In the fast-paced world of business, convenience is everything. Customers want to sign up for offers that will only take them seconds to complete, and business owners want to produce quick content offers for their public to consume. It’s all one big race. But is there any point in entering a race you know you are unlikely to win? When you, as a business owner, attempt to attract an audience, are you playing to win or just trying to get in the middle somewhere? If you are trying to ensure you are not last in the race, the content you put out there will be sub-standard, and you more than likely will not bring in valuable leads because your visitors are not taking you seriously. And as a result, you watch your profits go down the drain. If each lead you generate has a potential $300 value for you, for example, and you only manage to attract one visitor who isn’t even sure if they trust you — that’s a noticeable $300 gone. And what about the other visitors who land on your site but turn the other way? How much traffic are you generating? If you have a lot of traffic to your site but barely any leads, you could quickly lose $1000 daily. And it all starts with being over-dependent on AI scanners such as a free Grammarly Check. 

When I type the word “proofreading” into Google, the first ad that pops up is always for the Grammarly application. Business owners and general content creators are attracted to Grammarly because they believe it allows them to create error-free content quickly. The faster you post content, the quicker you receive customers. This is true in theory, but only if your content is rich in value and easy to understand. AI applications entice content creators with the idea that if you trust every suggestion the system gives, you will be home-free and ready to post. Sounds convenient. No one wants to spend three hours writing a potentially great post and then spend two more hours editing it. That’s why Grammarly has gained so much traction over the past several years. People firmly believe that this convenient AI program is the answer to their editing struggles because errors are pointed out to them right before their eyes in a matter of seconds, and it will do it for free or at a low cost!

When documents are proofread, they are “scanned” for errors in spelling, grammar, punctuation, tense agreement, typos, and formatting, as well as editing for style, structure, language, flow, repetition, clarity, conciseness, practical word choice, and style choice. Grammarly promises to provide almost all these actions and even a touch more.

Looks and sounds too good to be true. Well, you know what people say about opportunities like that. If it sounds too good to be true, that’s because it is! As convenient as AI systems may seem, they can only do so much and are no match for the human eye. They don’t permanently save you time, either. When a document is run through Grammarly, the AI is programmed to pick up sentences or words that are grammatically wrong or incorrect. The AI has no concept of Style Choice, House Style formatting, or even a vast knowledge base of words/names that could be spelt differently, used as slang or for marketing purposes. To Grammarly, it’s classified as incorrect, and the AI will give suggestions that do not fit your document whatsoever! And since It has no concept of the Chicago Manual of Style (although claims have been made that it does), comma placements will often be labelled as wrong when in reality, they are correct! There are many ways of using commas, especially when trying to make a point. But Grammarly only “knows” the bare-bone basics and sometimes deletes or misplaces the Oxford Comma. The AI is also not up to date on the latest grammar rules. That’s right! There are outdated grammar rules out there! It would take a whole new article to list all of them, but the most common rule that Grammarly always suggests (or even outright replaces) is the: ‘s rule.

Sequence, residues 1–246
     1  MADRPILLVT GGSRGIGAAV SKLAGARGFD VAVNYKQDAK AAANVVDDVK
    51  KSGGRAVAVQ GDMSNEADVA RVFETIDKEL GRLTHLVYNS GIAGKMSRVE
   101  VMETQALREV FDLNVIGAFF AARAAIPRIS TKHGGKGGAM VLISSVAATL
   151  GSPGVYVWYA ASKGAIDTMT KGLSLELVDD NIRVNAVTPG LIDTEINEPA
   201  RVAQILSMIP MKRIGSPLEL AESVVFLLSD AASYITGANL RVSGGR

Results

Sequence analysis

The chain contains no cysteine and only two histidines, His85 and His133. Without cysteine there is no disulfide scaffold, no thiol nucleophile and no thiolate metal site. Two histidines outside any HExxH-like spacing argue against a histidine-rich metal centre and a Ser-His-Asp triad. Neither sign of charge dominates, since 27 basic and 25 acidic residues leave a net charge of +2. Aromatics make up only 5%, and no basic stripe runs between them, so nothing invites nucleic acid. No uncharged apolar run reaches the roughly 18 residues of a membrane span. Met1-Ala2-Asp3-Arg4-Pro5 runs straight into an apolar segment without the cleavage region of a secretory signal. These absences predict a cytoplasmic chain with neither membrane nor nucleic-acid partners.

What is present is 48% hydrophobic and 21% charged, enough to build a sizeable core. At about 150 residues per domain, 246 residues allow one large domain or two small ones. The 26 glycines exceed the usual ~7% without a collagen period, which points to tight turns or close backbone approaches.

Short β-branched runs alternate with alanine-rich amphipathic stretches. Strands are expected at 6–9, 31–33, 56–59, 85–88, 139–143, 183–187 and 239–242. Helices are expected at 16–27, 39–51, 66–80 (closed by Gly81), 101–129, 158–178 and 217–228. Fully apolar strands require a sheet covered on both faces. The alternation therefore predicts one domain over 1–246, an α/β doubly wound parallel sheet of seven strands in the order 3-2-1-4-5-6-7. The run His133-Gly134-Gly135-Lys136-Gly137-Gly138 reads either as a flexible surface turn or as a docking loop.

“The ball is James’s.” Not only is this rule no longer in use, but it looks ridiculous! I see it used everywhere. On book covers, blog posts, advertisements — the list goes on and on! The correct way would be to write, “The ball is James'” No extra S is required!

Style Choices. When you make a Style Choice, you spell a word or structure an entire sentence a certain way, although you know it is not the traditional method. For example, I live in Canada, so technically, the correct spelling for proofreading is proof-reading. However, I chose to use the American spelling because it makes the wording look cleaner and more recognizable. Grammarly picks up your location unless you change it, so the AI will often flag down what it deems to be the proper use of spelling for this word. If a human proofreader were to go through a client’s document, they would only mark this type of spelling as an error if the person was spelling it a different way later in the article. Consistency is essential, and if a writer uses one method of spelling throughout an entire document, then it is correct! It is a Style Choice. 

These little occurrences may sound okay initially, but when you have a lengthy post that needs to go out, you will be busy scanning the document, ensuring that Grammarly didn’t flag or replace any correct wording. When this happens, you will spend more time correcting the errors yourself than the AI will. If you are in a hurry, you may accept all the changes Grammarly offers, but your document won’t make much sense!

👋 Bye Bye Conversions

👋 Bye Bye Sales

👋 Bye Bye Social Shares

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